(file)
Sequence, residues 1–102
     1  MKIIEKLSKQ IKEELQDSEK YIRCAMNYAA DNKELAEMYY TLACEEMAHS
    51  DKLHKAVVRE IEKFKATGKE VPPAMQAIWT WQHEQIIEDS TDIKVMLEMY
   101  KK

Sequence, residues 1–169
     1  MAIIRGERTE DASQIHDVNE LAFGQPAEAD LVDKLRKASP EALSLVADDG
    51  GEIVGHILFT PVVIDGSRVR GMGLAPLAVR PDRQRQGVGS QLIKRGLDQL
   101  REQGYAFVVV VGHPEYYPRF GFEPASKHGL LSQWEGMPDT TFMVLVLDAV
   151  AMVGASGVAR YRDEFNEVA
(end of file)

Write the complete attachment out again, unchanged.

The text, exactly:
Sequence, residues 1–102
     1  MKIIEKLSKQ IKEELQDSEK YIRCAMNYAA DNKELAEMYY TLACEEMAHS
    51  DKLHKAVVRE IEKFKATGKE VPPAMQAIWT WQHEQIIEDS TDIKVMLEMY
   101  KK

Sequence, residues 1–169
     1  MAIIRGERTE DASQIHDVNE LAFGQPAEAD LVDKLRKASP EALSLVADDG
    51  GEIVGHILFT PVVIDGSRVR GMGLAPLAVR PDRQRQGVGS QLIKRGLDQL
   101  REQGYAFVVV VGHPEYYPRF GFEPASKHGL LSQWEGMPDT TFMVLVLDAV
   151  AMVGASGVAR YRDEFNEVA